Brain 10/2008; 131(Pt 9):2376-86. · 9.92 Impact Factor
  • Source
    [show abstract] [hide abstract]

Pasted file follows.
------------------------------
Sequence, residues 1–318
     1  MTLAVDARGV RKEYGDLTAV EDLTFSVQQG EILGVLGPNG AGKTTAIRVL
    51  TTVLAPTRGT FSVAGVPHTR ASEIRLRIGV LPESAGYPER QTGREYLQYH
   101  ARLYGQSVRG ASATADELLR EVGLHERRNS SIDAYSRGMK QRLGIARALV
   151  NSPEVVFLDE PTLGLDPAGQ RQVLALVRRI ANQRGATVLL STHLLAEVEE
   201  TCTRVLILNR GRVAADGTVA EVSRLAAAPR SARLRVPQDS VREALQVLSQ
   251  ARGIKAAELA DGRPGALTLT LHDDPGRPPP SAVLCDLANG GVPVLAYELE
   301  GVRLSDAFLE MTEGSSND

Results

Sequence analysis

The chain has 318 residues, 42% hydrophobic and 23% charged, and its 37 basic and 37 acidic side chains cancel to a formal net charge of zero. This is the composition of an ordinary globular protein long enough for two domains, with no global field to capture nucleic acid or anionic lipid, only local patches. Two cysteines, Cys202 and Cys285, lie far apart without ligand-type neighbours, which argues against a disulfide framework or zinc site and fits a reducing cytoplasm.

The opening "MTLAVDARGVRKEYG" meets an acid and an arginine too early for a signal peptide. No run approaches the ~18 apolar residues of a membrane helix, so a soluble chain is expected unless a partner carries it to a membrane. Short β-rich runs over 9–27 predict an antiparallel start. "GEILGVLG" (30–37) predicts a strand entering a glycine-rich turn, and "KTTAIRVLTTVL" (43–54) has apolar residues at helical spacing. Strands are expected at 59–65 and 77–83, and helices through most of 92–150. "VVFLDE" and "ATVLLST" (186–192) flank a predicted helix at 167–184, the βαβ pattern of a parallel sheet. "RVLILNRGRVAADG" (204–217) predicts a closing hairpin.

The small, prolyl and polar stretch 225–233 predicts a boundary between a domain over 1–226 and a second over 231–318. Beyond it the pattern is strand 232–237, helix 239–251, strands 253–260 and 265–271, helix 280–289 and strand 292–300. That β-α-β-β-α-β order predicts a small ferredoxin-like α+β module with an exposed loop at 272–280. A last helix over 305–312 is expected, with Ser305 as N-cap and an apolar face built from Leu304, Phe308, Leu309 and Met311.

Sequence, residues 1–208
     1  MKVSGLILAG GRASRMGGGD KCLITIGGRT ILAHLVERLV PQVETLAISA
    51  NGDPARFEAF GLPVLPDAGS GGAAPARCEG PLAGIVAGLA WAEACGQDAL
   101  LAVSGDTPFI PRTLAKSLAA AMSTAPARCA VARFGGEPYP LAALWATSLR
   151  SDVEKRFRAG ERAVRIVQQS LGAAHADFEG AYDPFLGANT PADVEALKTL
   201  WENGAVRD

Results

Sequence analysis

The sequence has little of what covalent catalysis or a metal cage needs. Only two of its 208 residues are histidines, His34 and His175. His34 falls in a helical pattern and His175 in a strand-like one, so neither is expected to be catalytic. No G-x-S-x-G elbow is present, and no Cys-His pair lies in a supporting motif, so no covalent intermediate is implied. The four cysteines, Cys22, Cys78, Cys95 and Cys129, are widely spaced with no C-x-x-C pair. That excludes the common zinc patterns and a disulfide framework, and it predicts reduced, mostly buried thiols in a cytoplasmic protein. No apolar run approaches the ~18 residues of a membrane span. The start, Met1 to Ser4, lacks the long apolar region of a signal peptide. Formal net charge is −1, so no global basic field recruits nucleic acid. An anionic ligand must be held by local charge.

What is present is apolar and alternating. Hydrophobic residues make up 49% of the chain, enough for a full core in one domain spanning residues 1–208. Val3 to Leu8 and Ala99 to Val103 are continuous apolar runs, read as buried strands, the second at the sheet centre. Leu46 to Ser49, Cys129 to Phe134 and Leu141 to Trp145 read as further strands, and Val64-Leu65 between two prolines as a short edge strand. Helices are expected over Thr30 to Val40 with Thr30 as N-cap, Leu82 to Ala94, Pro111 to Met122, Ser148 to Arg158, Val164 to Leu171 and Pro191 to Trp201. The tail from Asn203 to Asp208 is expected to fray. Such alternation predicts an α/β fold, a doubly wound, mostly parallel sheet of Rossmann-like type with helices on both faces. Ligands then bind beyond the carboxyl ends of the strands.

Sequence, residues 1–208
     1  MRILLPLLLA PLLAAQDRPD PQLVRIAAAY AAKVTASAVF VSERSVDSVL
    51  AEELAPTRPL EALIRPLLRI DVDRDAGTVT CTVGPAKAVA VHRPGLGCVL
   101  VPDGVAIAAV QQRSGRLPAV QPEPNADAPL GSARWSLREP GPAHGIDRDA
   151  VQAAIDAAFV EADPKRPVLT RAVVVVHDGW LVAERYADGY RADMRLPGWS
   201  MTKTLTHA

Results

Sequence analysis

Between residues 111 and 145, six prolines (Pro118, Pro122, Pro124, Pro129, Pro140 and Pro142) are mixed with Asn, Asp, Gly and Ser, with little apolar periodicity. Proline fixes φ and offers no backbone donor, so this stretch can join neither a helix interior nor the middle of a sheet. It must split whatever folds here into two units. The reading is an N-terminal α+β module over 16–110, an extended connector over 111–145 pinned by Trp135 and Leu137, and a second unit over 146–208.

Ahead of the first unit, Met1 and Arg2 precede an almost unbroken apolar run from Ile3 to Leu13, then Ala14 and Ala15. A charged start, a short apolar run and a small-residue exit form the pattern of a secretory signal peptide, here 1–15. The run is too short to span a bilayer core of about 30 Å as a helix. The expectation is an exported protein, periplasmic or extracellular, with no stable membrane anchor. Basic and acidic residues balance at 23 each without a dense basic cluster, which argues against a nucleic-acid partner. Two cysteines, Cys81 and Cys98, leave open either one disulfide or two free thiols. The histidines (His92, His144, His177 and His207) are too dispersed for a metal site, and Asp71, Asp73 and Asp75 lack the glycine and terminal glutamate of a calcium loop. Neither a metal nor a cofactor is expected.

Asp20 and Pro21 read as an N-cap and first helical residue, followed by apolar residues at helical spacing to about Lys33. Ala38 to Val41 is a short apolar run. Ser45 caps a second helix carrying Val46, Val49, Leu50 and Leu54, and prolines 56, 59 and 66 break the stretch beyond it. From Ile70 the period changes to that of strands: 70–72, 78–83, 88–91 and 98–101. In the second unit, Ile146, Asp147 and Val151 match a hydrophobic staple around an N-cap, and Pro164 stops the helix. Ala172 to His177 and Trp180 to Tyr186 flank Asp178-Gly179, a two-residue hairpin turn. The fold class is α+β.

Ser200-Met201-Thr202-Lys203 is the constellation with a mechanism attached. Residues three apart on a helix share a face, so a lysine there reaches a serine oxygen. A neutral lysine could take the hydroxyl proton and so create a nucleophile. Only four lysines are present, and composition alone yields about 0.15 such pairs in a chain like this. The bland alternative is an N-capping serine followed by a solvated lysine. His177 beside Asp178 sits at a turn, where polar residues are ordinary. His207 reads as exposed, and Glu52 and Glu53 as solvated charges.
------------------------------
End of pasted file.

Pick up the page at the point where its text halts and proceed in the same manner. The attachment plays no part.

ABSTRACT: Olfactory ensheathing cells show promise in preclinical animal models as a cell transplantation therapy for repair of the injured spinal cord. This is a report of a clinical trial of autologous transplantation of olfactory ensheathing cells into the spinal cord in six patients with complete, thoracic paraplegia. We previously reported on the methods of surgery and transplantation and the safety aspects of the trial 1 year after transplantation. Here we address the overall design of the trial and the safety of the procedure, assessed during a period of 3 years following the transplantation surgery. All patients were assessed at entry into the trial and regularly during the period of the trial. Clinical assessments included medical, psychosocial, radiological and neurological, as well as specialized tests of neurological and functional deficits (standard American Spinal Injury Association and Functional Independence Measure assessments). Quantitative test included neurophysiological tests of sensory and motor function below the level of injury. The trial was a Phase I/IIa design whose main aim was to test the feasibility and safety of transplantation of autologous olfactory ensheathing cells into the injured spinal cord in human paraplegia. The design included a control group who did not receive surgery, otherwise closely matched to the transplant recipient group. This group acted as a control for the assessors, who were blind to the treatment status of the patients. The control group also provided the opportunity for preliminary assessment of the efficacy of the transplantation. There were no adverse findings 3 years after autologous transplantation of olfactory ensheathing cells into spinal cords injured at least 2 years prior to transplantation. The magnetic resonance images (MRIs) at 3 years showed no change from preoperative MRIs or intervening MRIs at 1 and 2 years, with no evidence of any tumour of introduced cells and no development of post-traumatic syringomyelia or other adverse radiological findings. There were no significant functional changes in any patients and no neuropathic pain. In one transplant recipient, there was an improvement over 3 segments in light touch and pin prick sensitivity bilaterally, anteriorly and posteriorly. We conclude that transplantation of autologous olfactory ensheathing cells into the injured spinal cord is feasible and is safe up to 3 years of post-implantation, however, this conclusion should be considered preliminary because of the small number of trial patients.